We don’t have to tell you- planning an event is hard work. It takes collaboration, communication, resilience, adaptability, and the right tools to pull off a successful event. If you and your team are relying on outdated or inefficient event management tools, it can take an already difficult task and make it that much harder.
If you need to revamp your event planning and management process, start with the software and apps you’re using in-house. There are plenty of options out there, but how do you know which one will be the best fit for you and your team?
When searching for event management technology, try making a list of all of the things you like and dislike about your current management tools. You should also have a good understanding of how you and your attendees be accessing and interacting with these tools.
The following are 6 of the most important factors to consider when choosing an event management platform.
- Mobile Friendly
Let’s face it- our phones are within arm’s reach almost 24/7. If the most important piece of technology you use is sitting right in your pocket or bag at all times, your event management platform should be accessible through your phone- no exception.
Customers are much more likely to purchase tickets when the purchasing process is mobile optimized. Sites that work seamlessly on mobile tend to have higher conversion rates and put you in a great position for promoting upgrades and on-site specials that can be purchased right on the attendee’s phone.
Mobile optimization is important for the management side as well! As an event planner, you should have the flexibility to easily create, view, and modify your event listing from a mobile phone. From location changes to rain delays, having the ability to quickly access your event, edit the information, and notify customers on mobile is a tool you shouldn’t go without. In addition, make sure your event management platform has real time reporting that can be easily viewed and shared on mobile.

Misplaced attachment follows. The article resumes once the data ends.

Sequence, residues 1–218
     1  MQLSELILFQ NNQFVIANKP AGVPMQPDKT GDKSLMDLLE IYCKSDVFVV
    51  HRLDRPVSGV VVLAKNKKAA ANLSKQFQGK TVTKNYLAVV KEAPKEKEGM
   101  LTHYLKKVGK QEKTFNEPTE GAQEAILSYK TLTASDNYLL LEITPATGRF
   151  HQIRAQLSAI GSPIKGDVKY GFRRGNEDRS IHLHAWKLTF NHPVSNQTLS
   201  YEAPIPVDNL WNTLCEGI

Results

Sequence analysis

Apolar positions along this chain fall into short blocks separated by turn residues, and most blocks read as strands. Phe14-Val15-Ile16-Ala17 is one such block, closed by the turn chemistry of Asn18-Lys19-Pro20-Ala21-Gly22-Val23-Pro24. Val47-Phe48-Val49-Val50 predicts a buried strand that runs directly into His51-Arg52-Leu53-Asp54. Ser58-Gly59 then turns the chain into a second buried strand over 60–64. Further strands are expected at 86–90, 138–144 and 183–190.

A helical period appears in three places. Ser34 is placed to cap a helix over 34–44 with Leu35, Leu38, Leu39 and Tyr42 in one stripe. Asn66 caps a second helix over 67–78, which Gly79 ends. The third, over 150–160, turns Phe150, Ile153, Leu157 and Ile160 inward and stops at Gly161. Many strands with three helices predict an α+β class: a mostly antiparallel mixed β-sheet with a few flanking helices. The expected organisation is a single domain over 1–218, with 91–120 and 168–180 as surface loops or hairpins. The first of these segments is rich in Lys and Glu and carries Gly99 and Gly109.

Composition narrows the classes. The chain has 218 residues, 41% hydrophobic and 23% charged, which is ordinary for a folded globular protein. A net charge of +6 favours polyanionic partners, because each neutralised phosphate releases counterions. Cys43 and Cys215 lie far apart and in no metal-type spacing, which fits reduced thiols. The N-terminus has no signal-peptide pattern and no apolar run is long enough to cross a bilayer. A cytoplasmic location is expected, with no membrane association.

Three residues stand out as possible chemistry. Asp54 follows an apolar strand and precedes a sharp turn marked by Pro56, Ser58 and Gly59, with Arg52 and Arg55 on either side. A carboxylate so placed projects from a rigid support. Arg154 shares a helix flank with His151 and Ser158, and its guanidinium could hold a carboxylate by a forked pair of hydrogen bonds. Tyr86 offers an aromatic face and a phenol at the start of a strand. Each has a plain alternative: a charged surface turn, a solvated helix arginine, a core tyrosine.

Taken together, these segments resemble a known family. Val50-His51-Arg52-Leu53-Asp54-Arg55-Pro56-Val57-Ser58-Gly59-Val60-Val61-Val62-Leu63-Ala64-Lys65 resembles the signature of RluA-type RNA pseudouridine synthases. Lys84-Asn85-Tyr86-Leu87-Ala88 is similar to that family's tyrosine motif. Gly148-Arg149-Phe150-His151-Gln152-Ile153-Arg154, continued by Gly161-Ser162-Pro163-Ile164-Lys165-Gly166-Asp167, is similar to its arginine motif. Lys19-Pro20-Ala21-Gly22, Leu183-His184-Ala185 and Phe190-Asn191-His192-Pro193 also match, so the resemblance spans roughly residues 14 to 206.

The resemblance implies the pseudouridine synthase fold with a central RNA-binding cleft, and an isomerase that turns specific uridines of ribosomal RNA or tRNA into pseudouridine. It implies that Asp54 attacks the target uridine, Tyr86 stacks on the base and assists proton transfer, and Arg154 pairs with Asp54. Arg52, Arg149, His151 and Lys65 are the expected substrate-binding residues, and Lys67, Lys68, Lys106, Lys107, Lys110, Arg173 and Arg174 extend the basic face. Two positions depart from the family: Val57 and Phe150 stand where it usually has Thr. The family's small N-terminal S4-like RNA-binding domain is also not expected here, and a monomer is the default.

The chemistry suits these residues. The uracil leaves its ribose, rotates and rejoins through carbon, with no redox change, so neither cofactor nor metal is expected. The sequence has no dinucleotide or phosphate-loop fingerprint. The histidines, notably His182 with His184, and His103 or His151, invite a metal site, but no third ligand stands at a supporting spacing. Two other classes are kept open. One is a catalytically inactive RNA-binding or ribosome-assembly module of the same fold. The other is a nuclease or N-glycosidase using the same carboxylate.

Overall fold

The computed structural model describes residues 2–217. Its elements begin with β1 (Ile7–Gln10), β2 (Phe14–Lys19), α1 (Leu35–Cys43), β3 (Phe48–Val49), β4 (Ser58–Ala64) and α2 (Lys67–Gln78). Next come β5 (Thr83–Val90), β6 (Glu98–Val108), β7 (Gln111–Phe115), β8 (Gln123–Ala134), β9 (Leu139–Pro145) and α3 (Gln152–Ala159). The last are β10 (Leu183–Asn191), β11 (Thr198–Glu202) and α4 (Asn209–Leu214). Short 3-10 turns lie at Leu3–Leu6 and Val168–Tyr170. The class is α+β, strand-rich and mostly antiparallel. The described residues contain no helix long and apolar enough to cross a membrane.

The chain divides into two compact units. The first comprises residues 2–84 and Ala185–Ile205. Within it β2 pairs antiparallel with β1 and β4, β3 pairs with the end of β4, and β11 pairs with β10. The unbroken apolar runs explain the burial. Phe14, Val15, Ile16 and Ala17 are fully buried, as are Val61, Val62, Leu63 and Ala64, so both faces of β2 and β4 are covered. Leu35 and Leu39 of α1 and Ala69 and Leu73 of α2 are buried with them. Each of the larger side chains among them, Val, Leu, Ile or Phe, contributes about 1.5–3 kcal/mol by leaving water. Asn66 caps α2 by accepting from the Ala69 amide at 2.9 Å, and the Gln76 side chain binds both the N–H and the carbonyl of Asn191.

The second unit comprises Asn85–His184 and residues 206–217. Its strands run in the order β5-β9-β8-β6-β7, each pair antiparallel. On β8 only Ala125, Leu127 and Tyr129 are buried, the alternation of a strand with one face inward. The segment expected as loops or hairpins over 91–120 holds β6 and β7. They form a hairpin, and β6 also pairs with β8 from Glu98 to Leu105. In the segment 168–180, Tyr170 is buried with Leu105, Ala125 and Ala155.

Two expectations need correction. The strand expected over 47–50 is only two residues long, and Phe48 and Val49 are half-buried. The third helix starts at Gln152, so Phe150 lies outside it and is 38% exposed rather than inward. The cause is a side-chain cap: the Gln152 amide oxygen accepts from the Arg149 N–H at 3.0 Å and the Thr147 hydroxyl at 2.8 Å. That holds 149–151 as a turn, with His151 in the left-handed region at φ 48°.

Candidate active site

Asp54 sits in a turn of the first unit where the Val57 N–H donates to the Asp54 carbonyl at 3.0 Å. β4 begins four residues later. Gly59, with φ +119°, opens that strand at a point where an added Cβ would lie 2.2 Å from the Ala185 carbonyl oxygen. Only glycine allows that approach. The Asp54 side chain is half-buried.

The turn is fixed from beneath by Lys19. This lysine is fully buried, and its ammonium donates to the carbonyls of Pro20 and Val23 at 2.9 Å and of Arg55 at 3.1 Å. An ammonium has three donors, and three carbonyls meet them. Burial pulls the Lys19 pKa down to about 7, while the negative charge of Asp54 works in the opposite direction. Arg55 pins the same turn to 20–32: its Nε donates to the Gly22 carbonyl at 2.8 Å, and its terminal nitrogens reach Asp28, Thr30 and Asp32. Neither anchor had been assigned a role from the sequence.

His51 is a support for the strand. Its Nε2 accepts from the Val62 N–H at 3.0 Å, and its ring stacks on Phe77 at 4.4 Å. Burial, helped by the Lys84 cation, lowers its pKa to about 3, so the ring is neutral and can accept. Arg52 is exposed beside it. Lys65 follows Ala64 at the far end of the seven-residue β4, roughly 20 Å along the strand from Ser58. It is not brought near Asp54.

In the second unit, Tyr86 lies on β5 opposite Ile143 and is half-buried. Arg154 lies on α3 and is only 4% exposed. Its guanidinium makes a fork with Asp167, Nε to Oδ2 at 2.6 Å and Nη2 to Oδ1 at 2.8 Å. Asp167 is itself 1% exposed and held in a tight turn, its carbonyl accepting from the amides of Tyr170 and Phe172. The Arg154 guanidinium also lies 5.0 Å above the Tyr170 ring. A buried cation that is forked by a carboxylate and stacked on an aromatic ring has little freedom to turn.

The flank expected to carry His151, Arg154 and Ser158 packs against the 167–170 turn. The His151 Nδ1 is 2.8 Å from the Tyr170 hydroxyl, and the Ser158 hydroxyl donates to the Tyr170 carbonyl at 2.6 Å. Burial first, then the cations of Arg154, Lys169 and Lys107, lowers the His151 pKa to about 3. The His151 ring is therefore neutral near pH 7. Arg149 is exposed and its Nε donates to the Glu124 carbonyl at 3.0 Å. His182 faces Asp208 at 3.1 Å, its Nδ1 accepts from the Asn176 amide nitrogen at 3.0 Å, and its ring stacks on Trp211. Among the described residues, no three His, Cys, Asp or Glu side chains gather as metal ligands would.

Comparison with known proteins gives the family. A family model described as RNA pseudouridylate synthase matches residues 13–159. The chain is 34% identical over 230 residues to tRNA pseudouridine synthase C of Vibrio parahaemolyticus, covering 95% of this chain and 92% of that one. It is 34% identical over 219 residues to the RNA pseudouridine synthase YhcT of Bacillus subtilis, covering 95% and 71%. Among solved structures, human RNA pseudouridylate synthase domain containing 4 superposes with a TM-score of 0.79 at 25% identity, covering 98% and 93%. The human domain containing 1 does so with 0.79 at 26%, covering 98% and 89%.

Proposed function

- Compatible with 3rd Party Tools
Many event management platforms boast an all-in-one system, but most fall short on that promise. Rather than shelling out large sums of money on an all-in-one system for ticket sales, data tracking, marketing, and email management, considering finding a solution that easily integrates with the tools you already use!
This can be anything from a ticketing platform that integrates with email programs like MailChimp and Constant Contact, an event management platform that pulls and pushes data easily to an external CRM system like SalesForce, or even just a registration platform that easily connects to social media platforms. At the very least, you should have a list of tools you want to continue using and tools you’d like to implement. If you’re comfortable with a specific tool’s functionality and it works well for you, why abandon it for some legacy piece of software that doesn’t work for your needs?
When doing your research, dig into the details of how every integration works. When you press for more info, you may find that the “seamless integration” boasted by some companies requires much more management on your end that initially advertised. In addition, make sure you know if you have the power to add and remove integrations on your own. If a representative from the platform’s company needs to implement the integration for you (and charges a fee for doing so), you may want to consider other options.
- 24/7 Access To Data
Event planners need to know who has purchased tickets, the type of tickets they’ve purchased, and how they originally found your event. If you don’t know what your top 3 referring sources are (Google, Facebook, Instagram, Eventful, specific email campaigns, etc.), you’re missing out on important information that has the potential to drastically improve your attendance rate and ticket sales.